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The Price of Tea

When a foe of masturbation wins in Delaware, we all lose.

There’s a strain of schadenfreude that often masquerades as political strategy. It leads rational, thinking men and women to cheer on opposing parties that nominate seemingly unelectable radicals and lunatics for high office. Bully, they shout, the differences between the two parties have never been starker! How could voters stand on the side of idiocy? Sometimes, this notion holds, and the crazies go down in a spectacular implosion with the ideological shrapnel even wounding the more moderate members of their party. And, of course, sometimes it fails—and then you have Speaker Newt Gingrich.

You can forgive Democrats for clucking over the triumph of Christine O’Donnell. This has been a political season devoid of any real good news for them, and, in fact, it has the look of one of the most epic electoral disasters in American history. So, when Delaware Republicans cast aside a venerable nine-term congressman with broad appeal in favor of a onetime practitioner of witchcraft who has railed against the horrors of masturbation, Democrats could barely contain themselves. Nancy Pelosi called the triumph of O’Donnell and other ideologues a “very positive” development. Donna Brazile proclaimed, “The Tea Party has made Democrats the lesser of two evils, swinging the door wide open for them to preserve their majority.”

Yet, for all the short-term benefits that flow from O’Donnell’s victory—namely, the increasing likelihood that the Democrats will hang on to an imperiled Senate seat and, therefore, the Senate—she’s part of a trend that merits no such happy talk. Elections are not just occasions when seats are held or lost. They are moments when ideas gain currency, when the ideological mainstream is remade. Candidacies like the Tea Parties’ have historically had the effect of transporting issues from the province of cranks into acceptable political discourse. We saw this time and again during the conservative movement’s takeover of the Republican Party—as supply-side economics and social conservatism first reared their heads in Senate races and aborted presidential candidacies, before making their rapid migration toward the political center.

The Tea Party is filled with candidates like O’Donnell, who have a predilection for goofy crusades and extreme statements. As Bradford Plumer documented in the previous issue of The New Republic, they have displayed an odd fetish for amending the Constitution. A number of Tea Party candidates, for instance, would like to strip away the Seventeenth Amendment—you know, the one providing for the direct election of U.S. senators. Others are merely content to knock out a few Fourteenth Amendment clauses that guarantee citizenship to anyone born here. Then there is Colorado gubernatorial hopeful Dan Maes, who believes that municipal efforts to promote bicycle use are a harbinger of world government.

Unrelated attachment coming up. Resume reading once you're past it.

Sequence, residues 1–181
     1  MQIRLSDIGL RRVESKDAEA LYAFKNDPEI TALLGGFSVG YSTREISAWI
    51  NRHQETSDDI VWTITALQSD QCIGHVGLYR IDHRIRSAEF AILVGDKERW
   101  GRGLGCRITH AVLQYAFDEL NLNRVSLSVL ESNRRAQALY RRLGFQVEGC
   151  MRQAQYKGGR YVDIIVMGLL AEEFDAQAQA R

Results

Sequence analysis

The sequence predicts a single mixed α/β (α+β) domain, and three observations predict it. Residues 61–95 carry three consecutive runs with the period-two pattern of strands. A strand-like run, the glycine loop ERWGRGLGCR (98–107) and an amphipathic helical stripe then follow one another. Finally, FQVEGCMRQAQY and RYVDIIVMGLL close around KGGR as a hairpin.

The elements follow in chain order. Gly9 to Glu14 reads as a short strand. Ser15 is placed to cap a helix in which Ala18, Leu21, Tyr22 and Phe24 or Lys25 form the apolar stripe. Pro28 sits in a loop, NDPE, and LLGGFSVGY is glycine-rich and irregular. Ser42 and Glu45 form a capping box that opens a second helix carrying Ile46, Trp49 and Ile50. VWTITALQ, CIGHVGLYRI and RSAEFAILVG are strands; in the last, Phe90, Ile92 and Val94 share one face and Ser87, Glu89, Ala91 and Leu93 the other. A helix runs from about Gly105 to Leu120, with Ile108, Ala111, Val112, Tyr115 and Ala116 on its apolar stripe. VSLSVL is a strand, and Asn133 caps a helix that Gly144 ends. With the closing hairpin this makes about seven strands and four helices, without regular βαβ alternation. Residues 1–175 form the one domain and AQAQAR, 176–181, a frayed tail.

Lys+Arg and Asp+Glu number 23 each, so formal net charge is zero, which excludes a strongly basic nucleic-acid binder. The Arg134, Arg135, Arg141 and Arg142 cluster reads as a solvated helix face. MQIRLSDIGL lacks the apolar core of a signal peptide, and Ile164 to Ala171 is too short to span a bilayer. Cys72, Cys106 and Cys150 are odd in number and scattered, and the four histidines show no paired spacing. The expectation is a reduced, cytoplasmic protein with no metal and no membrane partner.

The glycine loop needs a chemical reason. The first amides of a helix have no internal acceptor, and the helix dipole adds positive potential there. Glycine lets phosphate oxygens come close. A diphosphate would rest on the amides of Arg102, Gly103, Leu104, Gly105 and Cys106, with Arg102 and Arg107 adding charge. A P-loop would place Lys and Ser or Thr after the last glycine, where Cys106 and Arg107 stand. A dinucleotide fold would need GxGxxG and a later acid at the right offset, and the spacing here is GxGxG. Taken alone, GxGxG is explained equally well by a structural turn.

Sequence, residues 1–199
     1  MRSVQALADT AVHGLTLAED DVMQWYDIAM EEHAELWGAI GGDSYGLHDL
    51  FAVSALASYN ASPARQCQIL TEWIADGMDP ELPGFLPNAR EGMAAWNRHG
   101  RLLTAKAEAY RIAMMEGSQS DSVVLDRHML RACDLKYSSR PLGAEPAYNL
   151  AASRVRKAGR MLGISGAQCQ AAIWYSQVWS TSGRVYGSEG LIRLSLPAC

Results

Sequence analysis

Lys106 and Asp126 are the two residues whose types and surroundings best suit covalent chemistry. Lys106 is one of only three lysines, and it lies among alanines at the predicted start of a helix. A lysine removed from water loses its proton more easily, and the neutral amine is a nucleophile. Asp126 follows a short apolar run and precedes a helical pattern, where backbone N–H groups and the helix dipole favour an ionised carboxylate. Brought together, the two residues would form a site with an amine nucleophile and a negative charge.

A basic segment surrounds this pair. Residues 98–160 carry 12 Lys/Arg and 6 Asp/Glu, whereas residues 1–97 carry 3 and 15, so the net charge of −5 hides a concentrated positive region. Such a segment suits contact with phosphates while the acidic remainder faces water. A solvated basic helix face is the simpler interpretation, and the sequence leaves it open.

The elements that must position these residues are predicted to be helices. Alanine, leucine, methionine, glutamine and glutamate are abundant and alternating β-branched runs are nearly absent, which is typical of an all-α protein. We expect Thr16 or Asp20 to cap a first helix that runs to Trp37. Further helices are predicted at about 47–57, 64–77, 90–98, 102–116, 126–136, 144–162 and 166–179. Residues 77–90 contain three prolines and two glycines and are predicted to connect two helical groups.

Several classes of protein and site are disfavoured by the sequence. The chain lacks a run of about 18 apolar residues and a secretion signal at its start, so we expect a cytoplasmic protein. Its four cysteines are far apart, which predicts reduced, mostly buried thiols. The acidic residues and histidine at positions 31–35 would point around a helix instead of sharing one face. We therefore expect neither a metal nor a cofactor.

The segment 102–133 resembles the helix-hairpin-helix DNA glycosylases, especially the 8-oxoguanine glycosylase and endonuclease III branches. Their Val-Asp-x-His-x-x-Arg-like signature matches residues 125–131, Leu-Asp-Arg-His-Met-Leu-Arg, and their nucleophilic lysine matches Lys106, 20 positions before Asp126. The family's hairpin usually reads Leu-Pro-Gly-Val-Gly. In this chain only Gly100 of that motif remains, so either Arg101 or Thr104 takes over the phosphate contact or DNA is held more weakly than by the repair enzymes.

Some of these candidates will prove the optimistic musings of Democrats right. In a few instances, like Delaware, the GOP will likely be penalized for nominating extremists. But, on the whole, we are about to welcome what might be the most radical Congress in recent memory. Both the Tea Party and its Republican allies are in the process of taking traditional, limited-government conservatism and transforming it into a new beast: a constitutional vision that would radically constrain the federal government.

In the face of this challenge to liberalism, it is not enough for Democrats to play pundit—to merely take to the TV talk shows and express their hope that the public will intuit and then reject the new radicalism. Democrats need to shred it. And, unfortunately, Barack Obama seems to have no interest in mounting a full-scale assault on this ideology. When The New York Times reported that the White House was mulling ads attacking the Tea Party, David Axelrod furiously denied any such plans. This seems a horrible misreading of the electorate. How will the public understand the implications of the Tea Party’s constitutional conservatism if they are not explored—and not attacked? The president and his party can’t even bring themselves to explain how a Republican majority will redouble its assault on Social Security and Medicare, let alone expose the darker reaches of Tea Party thinking. Choices are only clear when we make them so.

This piece ran in the October 14, 2010, issue of the magazine.

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